News aggregator

Haskell Platform 2014 build problems on OS X

haskell-cafe - Wed, 08/27/2014 - 9:39pm
Hello! I just want to point to your attention this issue of Homebrew: https://github.com/Homebrew/homebrew/issues/31609 It seems that they’re forced to remove the formula for the Haskell Platform because, it seems, the build process has become extremely complicated and they can’t figure out how to automate it. Is there someone that know enough internals of the platform to help them or to give some advice? Thanks, Nicola
Categories: Offsite Discussion

conduit stream fusion

Haskell on Reddit - Wed, 08/27/2014 - 8:04pm
Categories: Incoming News

ANN: cgi 3001.2.0.0

General haskell list - Wed, 08/27/2014 - 7:32pm
Hello, I've just uploaded a new version of cgi to hackage [1]. This release supports GHC 7.8.3, 7.6.3, and 7.4.2. I'm also looking for co-maintainers or backup maintainers of cgi, please email me directly if you're interested. This release was made possible with the assistance and guidance of Carter Schonwald and was based on a patch by Alexander Vershilov. Thanks. [1] http://hackage.haskell.org/package/cgi
Categories: Incoming News

I'm a .NET developer. What can Haskell/Functional Programming teach me?

Haskell on Reddit - Wed, 08/27/2014 - 7:20pm

Hi all, I am a (primarily) .NET developer, though experienced in Smalltalk, Ruby, Java, and a whole list of other things. I like to keep a wide horizon and I've gathered that Functional Programming can teach me good things. A lot of what I do day to day involves the web, typically APIs on HTTP endpoints. I'm not about to completely jump ship to Haskell and FP, but I am certain they can teach me a thing or two and I am eager to embrace it.

I have been using F# a lot lately, but as it is "yet another" .NET language it doesn't feel like true FP. Well, it can be, but the availability of libraries from other languages that clearly aren't FP makes it just too easy to break away from FP I guess? Anyway, I digress.

I understand the syntax of Haskell just fine, I've done plenty of stuff in the GHCI and read many a tutorial. However it just isn't sinking in, I still feel like I am missing something. Like there is some beautiful unicorn of simplicity that is just waiting for me to find it/unlearn the way OO does things/etc.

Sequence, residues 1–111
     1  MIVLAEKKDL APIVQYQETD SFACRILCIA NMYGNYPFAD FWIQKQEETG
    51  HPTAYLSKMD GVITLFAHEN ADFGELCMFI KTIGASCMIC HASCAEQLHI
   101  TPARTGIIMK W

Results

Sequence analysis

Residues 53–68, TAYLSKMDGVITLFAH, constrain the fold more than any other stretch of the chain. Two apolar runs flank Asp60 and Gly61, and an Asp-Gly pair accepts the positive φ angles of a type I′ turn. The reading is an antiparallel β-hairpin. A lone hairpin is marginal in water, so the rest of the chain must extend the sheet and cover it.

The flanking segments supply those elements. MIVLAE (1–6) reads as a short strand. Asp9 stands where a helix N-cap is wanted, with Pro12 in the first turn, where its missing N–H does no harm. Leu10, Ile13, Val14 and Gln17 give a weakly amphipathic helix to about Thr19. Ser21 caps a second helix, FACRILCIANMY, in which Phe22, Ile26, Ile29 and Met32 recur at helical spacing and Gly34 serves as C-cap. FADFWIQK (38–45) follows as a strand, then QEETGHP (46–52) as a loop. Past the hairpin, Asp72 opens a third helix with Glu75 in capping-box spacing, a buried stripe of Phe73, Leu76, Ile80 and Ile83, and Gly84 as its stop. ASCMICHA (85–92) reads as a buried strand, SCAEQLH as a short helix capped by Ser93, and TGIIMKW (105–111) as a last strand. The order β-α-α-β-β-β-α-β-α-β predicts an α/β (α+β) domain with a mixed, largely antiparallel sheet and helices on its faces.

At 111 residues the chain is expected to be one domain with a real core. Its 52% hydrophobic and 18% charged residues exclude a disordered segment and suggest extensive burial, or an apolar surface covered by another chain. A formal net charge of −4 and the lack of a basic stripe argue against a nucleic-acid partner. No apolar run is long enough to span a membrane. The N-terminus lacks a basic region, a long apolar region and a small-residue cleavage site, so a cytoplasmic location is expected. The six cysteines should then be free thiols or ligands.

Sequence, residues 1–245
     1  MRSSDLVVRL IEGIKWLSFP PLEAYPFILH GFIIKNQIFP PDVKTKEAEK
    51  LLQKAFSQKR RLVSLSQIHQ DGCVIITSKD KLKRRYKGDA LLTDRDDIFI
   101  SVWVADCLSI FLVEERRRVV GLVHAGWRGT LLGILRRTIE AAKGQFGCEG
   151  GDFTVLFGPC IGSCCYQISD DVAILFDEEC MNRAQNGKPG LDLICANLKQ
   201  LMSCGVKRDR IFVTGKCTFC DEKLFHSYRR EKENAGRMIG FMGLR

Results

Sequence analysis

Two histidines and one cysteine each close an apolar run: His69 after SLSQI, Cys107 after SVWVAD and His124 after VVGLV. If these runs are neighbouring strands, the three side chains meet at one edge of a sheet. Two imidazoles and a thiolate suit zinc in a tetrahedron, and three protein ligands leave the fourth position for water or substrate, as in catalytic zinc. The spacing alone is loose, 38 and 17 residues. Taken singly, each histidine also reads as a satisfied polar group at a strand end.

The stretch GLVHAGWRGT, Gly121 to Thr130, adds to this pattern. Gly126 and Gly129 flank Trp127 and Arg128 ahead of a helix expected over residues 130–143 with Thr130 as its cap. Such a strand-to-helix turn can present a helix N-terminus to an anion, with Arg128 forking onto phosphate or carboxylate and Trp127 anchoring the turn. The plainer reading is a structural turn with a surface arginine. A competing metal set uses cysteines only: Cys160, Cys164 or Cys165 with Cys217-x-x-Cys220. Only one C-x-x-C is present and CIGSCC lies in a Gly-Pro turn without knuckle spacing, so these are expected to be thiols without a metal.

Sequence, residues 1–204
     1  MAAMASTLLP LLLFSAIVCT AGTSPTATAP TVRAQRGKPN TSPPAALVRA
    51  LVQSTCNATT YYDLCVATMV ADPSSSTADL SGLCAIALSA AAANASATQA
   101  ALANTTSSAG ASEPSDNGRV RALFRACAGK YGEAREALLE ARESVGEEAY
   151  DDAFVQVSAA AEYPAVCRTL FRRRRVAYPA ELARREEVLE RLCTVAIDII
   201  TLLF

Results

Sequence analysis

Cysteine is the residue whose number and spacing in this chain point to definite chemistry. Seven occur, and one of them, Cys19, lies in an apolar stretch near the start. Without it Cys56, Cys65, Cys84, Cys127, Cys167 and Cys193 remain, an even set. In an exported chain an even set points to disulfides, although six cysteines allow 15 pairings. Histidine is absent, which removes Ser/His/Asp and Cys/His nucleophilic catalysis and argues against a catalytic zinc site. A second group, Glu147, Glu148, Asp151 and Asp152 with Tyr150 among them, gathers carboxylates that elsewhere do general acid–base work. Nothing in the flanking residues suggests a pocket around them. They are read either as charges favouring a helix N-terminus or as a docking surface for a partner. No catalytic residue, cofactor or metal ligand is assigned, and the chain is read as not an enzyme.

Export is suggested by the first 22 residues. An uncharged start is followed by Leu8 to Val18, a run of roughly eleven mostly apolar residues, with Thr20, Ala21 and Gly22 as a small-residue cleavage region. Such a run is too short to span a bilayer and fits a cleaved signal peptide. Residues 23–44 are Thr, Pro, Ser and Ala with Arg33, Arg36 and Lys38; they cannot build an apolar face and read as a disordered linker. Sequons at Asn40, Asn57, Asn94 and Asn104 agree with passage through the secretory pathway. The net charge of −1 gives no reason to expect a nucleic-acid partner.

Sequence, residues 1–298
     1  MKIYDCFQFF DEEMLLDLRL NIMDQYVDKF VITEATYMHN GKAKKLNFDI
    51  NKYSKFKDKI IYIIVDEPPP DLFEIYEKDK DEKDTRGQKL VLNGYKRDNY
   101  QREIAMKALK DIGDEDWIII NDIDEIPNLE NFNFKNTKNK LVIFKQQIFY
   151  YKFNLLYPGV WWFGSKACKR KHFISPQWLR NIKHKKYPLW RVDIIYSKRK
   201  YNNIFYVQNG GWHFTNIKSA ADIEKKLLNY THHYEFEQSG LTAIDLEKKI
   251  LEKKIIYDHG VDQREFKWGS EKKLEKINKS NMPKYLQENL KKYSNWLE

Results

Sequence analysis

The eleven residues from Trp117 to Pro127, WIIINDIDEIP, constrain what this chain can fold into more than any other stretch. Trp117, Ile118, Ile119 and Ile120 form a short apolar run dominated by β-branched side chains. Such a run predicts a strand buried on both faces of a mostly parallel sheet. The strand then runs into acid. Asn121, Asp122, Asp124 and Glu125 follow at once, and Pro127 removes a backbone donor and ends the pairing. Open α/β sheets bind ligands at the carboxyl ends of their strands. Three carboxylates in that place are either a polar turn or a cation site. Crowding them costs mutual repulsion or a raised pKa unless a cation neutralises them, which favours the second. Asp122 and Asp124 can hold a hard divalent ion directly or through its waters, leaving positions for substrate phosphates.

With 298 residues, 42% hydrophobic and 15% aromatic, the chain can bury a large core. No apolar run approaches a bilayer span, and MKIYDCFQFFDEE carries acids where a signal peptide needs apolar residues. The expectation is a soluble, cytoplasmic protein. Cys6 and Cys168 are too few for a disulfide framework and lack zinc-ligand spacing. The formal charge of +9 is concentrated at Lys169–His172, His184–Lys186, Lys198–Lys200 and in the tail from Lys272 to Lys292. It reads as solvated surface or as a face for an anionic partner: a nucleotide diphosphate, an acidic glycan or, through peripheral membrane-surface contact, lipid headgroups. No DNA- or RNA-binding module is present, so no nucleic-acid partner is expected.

So, my understanding is that Haskell is a "true" Functional Programming language/platform. I've installed Haskell Platform, and EclipseFP (I'm on Windows without access to *nix for now) and I'm just staring at my project workspace still wondering what I'm not seeing. I've thus far compiled a small web-service using Scotty; However Scotty too didn't feel like FP should feel to me. Shoe-horning the way Sinatra does it into Haskell feels odd.

Am I right to feel odd about this? What am I missing that I should be learning? What would you suggest as a project/task/whatever for me to "get" Functional Programming (and/or Haskell)?

The "No Side Effects" functions "rule": What rule of thumb percentage of the application should this be? Is 100% no side effects even possible? Even with persistence/sessions/cookies/etc?

Many thanks in advance, and I'm sure this question(s) is asked many times so I apologise for that.

submitted by Jestar342
[link] [31 comments]
Categories: Incoming News

Conduit+GHC high memory use for simple Sink

haskell-cafe - Wed, 08/27/2014 - 7:19pm
Hello Cafe, First I'd like to thank Michael Snoyman and Gabriel Gonzalez for the work they've done on the conduit and pipes stream processing libraries, and all the accompanying tutorial content. I've been having fun converting a text processing app from C to Haskell. I'm seeing unexpectedly high memory usage in a stream-processing program that uses the conduit library. I've created a example that demonstrates the problem. The program accepts gzip files as arguments, and for each one, classifies each line as either Even or Odd depending on the length, then outputs some result depending on the Sink used. For each gzip file: action :: GzipFilePath -> IO () action (GzipFilePath filePath) = do result <- runResourceT $ CB.sourceFile filePath $$ Zlib.ungzip =$ CB.lines =$ token =$ sink2 putStrLn $ show result The problem is the following Sink, which counts how many even/odd Tokens are se
Categories: Offsite Discussion

Can somebody explain me the instance Generic Int

Haskell on Reddit - Wed, 08/27/2014 - 3:26pm

Quoting from http://www.haskell.org/ghc/docs/7.6.3/html/libraries/base/src/GHC-Generics.html

-- Int data D_Int data C_Int instance Datatype D_Int where datatypeName _ = "Int" moduleName _ = "GHC.Int" instance Constructor C_Int where conName _ = "" -- JPM: I'm not sure this is the right implementation... instance Generic Int where type Rep Int = D1 D_Int (C1 C_Int (S1 NoSelector (Rec0 Int))) from x = M1 (M1 (M1 (K1 x))) to (M1 (M1 (M1 (K1 x)))) = x